This was a case where costs had risen substantially from the court-approved budget under the defamation costs management pilot scheme. The parties had reached a settlement, with the defendant agreeing to pay the claimant’s costs on the standard basis. The question for the Senior Costs Judge, Master Hurst, was whether there was a “good reason” to depart from the court-approved budget. He held that the provisions of the defamation pilot were mandatory and that the claimant had “largely ignored” them. He regarded the claimant’s failure to notify the defendant and the court of her rising costs as critical.
However, Master Hurst said that the defendant’s costs might otherwise have been considered reasonable and proportionate, and granted permission to appeal to the Court of Appeal. That appeal was decided on 28 January 2013 and was successful.
What did the Court of Appeal decide?
Moore-Bick LJ gave the leading judgment and stressed that the issue to be decided was whether there was a “good reason” to depart from the court-approved budget. In deciding this, all the circumstances of the case had to be taken into account. The failure to notify an increase in costs was only one of them.
The costs judge should, in particular, have considered whether the claimant’s failure to notify had put the parties on an “unequal footing”, as referred to in the pilot scheme. In the court’s view it did not, since this phrase concerns the unfair exploitation of superior resources.
In the court’s view:
- The particular circumstances of this case were sufficient to constitute a “good reason” to depart from the court-approved budget.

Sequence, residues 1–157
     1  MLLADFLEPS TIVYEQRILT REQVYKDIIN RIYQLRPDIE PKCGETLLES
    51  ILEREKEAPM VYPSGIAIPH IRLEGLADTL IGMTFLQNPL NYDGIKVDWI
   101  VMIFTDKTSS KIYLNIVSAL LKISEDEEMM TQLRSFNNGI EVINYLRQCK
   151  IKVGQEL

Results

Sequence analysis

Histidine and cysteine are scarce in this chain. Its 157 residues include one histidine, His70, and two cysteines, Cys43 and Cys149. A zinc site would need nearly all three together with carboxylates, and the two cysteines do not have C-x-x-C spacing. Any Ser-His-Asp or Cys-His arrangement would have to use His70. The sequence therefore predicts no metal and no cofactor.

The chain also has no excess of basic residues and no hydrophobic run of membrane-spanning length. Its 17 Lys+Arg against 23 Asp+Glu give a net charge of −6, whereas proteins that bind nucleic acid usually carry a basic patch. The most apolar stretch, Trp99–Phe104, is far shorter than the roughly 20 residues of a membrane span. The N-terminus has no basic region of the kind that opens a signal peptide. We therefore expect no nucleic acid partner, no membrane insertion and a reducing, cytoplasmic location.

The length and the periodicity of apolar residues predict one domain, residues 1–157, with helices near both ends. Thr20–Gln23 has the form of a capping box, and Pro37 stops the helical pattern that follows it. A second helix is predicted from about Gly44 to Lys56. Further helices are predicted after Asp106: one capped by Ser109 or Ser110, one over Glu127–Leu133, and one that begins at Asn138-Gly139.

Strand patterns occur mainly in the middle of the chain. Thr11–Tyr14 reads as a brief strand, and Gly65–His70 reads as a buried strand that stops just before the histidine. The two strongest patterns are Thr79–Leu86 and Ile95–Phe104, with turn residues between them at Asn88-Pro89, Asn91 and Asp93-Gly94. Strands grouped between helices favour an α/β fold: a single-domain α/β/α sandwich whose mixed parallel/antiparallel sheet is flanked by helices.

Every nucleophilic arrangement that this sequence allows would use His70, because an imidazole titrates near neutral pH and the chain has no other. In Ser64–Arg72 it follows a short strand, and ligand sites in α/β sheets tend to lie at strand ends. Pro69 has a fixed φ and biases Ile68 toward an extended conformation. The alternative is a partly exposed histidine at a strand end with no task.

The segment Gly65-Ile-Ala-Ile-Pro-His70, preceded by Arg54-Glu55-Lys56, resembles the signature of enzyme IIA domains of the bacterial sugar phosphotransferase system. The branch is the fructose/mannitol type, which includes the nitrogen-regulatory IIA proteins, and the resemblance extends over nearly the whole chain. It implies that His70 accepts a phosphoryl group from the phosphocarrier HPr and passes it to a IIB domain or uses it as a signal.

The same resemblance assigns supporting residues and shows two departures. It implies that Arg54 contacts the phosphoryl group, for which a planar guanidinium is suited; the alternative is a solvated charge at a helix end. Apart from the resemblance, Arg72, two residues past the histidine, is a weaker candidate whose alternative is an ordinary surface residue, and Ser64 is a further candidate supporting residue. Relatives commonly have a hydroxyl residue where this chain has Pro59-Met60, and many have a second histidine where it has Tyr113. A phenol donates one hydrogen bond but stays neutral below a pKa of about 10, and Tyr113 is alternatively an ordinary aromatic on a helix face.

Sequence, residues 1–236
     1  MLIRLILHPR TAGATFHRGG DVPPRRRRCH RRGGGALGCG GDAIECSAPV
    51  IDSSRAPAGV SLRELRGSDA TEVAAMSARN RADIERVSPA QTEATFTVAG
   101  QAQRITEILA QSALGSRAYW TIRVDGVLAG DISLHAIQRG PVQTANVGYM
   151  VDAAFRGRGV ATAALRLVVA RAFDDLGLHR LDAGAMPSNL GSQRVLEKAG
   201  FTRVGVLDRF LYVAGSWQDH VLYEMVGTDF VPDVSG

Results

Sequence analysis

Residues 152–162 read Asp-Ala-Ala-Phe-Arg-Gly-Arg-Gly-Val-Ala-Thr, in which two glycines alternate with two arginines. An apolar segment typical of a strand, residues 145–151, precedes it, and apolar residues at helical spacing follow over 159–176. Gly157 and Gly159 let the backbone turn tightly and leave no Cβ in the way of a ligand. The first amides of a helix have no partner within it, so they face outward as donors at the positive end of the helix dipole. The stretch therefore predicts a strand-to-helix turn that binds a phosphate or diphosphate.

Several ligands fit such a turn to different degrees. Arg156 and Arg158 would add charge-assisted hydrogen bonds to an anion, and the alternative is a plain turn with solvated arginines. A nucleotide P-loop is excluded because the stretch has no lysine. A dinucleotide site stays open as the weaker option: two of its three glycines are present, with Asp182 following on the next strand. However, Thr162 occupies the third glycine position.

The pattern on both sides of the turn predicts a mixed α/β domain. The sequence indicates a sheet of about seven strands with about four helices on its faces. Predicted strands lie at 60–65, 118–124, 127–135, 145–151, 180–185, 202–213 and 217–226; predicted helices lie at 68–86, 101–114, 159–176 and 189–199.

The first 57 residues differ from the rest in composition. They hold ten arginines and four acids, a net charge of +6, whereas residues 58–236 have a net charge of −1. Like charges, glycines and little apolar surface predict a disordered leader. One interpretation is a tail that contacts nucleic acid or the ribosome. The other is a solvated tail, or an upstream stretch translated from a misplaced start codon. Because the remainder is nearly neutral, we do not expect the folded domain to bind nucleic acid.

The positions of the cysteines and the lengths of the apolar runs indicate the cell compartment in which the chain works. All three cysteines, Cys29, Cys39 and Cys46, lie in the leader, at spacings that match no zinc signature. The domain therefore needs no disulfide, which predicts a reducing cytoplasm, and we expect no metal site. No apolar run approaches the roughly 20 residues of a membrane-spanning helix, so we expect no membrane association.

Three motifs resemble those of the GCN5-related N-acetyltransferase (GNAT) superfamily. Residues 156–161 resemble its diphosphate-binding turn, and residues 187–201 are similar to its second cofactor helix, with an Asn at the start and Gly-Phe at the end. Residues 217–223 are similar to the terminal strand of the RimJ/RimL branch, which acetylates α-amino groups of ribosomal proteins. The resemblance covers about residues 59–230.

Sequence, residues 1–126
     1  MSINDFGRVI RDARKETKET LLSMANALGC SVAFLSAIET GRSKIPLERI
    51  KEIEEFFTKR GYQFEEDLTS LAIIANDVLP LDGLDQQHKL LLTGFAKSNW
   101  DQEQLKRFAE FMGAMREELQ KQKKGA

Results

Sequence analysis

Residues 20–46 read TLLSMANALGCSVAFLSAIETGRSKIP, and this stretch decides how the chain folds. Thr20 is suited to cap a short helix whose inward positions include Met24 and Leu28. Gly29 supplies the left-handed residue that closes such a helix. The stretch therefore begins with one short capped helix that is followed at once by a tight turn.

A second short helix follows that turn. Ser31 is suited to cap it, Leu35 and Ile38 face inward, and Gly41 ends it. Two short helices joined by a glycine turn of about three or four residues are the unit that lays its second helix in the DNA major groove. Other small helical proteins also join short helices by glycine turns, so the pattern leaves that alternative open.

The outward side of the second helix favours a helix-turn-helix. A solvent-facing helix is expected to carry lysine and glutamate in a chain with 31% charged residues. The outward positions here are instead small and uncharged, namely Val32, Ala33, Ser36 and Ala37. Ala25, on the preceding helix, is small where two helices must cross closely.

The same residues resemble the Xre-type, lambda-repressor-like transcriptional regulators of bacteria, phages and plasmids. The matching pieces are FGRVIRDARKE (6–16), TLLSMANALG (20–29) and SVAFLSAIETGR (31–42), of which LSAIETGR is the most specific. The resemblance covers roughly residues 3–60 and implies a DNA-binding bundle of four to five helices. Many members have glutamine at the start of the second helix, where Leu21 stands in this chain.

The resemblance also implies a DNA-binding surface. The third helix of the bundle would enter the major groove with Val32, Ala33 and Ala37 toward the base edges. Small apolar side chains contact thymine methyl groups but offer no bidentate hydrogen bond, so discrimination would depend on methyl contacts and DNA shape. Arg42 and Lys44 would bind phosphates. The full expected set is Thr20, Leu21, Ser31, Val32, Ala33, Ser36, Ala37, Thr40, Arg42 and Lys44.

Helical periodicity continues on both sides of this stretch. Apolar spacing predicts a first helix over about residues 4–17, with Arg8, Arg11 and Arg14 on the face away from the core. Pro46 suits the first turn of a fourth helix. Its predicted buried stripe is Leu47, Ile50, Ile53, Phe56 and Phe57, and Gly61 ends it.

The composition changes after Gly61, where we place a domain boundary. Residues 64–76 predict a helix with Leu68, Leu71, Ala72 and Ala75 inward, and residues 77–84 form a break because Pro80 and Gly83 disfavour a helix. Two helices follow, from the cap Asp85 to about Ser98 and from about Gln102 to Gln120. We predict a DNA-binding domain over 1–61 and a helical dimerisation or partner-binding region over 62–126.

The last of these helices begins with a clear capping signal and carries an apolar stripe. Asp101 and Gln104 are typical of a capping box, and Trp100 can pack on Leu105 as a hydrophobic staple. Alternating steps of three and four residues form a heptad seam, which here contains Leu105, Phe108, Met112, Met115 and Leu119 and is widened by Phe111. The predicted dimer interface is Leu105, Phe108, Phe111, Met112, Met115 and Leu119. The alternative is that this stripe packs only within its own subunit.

- To deny the claimant some or all of the increased costs might result in her being unable to recover costs that were reasonable and proportionate.
- There was no disadvantage to the defendant in terms of its ability to defend the claim.
- Restricting recovery to the court-approved budget would serve only to penalise the claimant excessively, which was not a reasonable or proportionate result.
- The defendant’s solicitors had also exceeded the court-approved budget and the court itself should have been more proactive in monitoring both sides’ rising costs.
The matter was to be referred for detailed assessment.
This case should not be taken as a softening of the court’s approach to cost budgeting. The Jackson costs reforms place much emphasis on costs budgeting, and the rules expected to come into effect on 1 April 2013 are not identical with those applicable to the defamation pilot scheme.
Under the new rules:
- The court has a greater responsibility to manage costs.
- The parties are responsible for keeping budgets under review as the proceedings progress.
As Moore-Bick LJ noted, a court-approved or agreed budget will be a prima facie limit on the amount of recoverable costs, although the court will still have the power to depart from it for “good reason”.
Going forwards, it will be important that parties keep costs budgets under review and revise them (if necessary) at regular intervals. In default, parties will face an uphill task in persuading the court that their costs, if they go beyond the court-approved or agreed budget, are reasonable and proportionate.
We have all been warned!